First impression on unpacking the Q702 test unit was the solid feel and clean, minimalist styling.
FAQ: XP deathwatch, T minus zero
- — 01 July, 2008 07:25
So I have to go the low-end route to stick with XP?
No. System builders, the small companies -- often mom-and-pop shops -- that assemble to-order PCs for local customers, can preinstall Windows XP Home, Media Center and Professional through the end of January 2009.
While that deadline isn't new, Microsoft's Veghte repeated it in his letter last week. "System Builders (sometimes referred to as 'local OEMs'), may continue to purchase Windows XP through Authorized Distributors through January 31, 2009," said Veghte.
Can I still buy Windows XP Home?
Yes. All three of the major online technology outlets -- Amazon.com, Buy.com and Newegg.com -- that we started tracking five weeks ago still showed XP Home in stock and available on Monday, June 30.
Has there been any change in XP's retail price in the last week?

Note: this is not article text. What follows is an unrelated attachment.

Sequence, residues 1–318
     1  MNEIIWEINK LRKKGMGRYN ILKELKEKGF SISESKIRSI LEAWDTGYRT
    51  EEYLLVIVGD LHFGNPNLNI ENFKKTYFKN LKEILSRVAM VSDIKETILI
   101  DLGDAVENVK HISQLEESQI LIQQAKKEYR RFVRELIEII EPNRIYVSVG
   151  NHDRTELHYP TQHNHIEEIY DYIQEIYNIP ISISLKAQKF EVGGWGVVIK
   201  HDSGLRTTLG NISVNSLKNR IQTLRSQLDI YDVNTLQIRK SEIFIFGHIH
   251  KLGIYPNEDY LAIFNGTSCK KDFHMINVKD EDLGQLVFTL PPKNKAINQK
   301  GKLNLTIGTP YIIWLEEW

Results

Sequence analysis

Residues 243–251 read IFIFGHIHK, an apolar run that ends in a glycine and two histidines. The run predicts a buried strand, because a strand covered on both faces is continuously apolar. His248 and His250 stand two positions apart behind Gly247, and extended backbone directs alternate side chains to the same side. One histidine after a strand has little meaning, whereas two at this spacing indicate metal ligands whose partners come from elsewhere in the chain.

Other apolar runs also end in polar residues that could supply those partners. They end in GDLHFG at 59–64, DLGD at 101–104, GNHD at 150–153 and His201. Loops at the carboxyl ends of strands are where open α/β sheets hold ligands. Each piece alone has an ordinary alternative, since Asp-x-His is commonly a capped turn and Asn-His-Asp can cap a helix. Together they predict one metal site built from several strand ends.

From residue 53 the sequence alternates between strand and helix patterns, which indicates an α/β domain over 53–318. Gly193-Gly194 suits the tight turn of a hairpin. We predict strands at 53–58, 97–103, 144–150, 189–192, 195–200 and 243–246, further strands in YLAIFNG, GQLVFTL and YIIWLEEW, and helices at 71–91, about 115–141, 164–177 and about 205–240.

Only the slightest. The three-day average of the lowest "Buy It Now" price, shipping included, for a legitimate copy of Windows XP Home OEM on eBay fell 1.4 percent compared to a week ago, but prices at the other online sellers didn't budge.
Price honors for a copy of XP Home OEM remain with Newegg.com, which sells the operating system, shipping included, for US$84.99.
What happened to the "Save Windows XP" petition people were signing?
It's on its way to Redmond, Wash., addressed to CEO Steve Ballmer.
As part of a campaign launched back in January, Infoworld , a Computerworld sister site, posted an online petition eventually "signed" by more than 210,000 people to show their support for the aged operating system.
Today, Infoworld 's editor-in-chief, Eric Knorr, said he'd sent an electronic copy of the petition to Ballmer last Friday via overnight delivery. Knorr also published the contents of a letter he attached to the petition.
"The typical interval from the introduction of a new version of Windows to the end-of-sale date for the previous version is two years," said Knorr. "Given the disruptive nature of many Vista upgrades, we feel that Microsoft should continue to make Windows XP available for at least that long, rather than ending the sale of Windows XP after 18 months."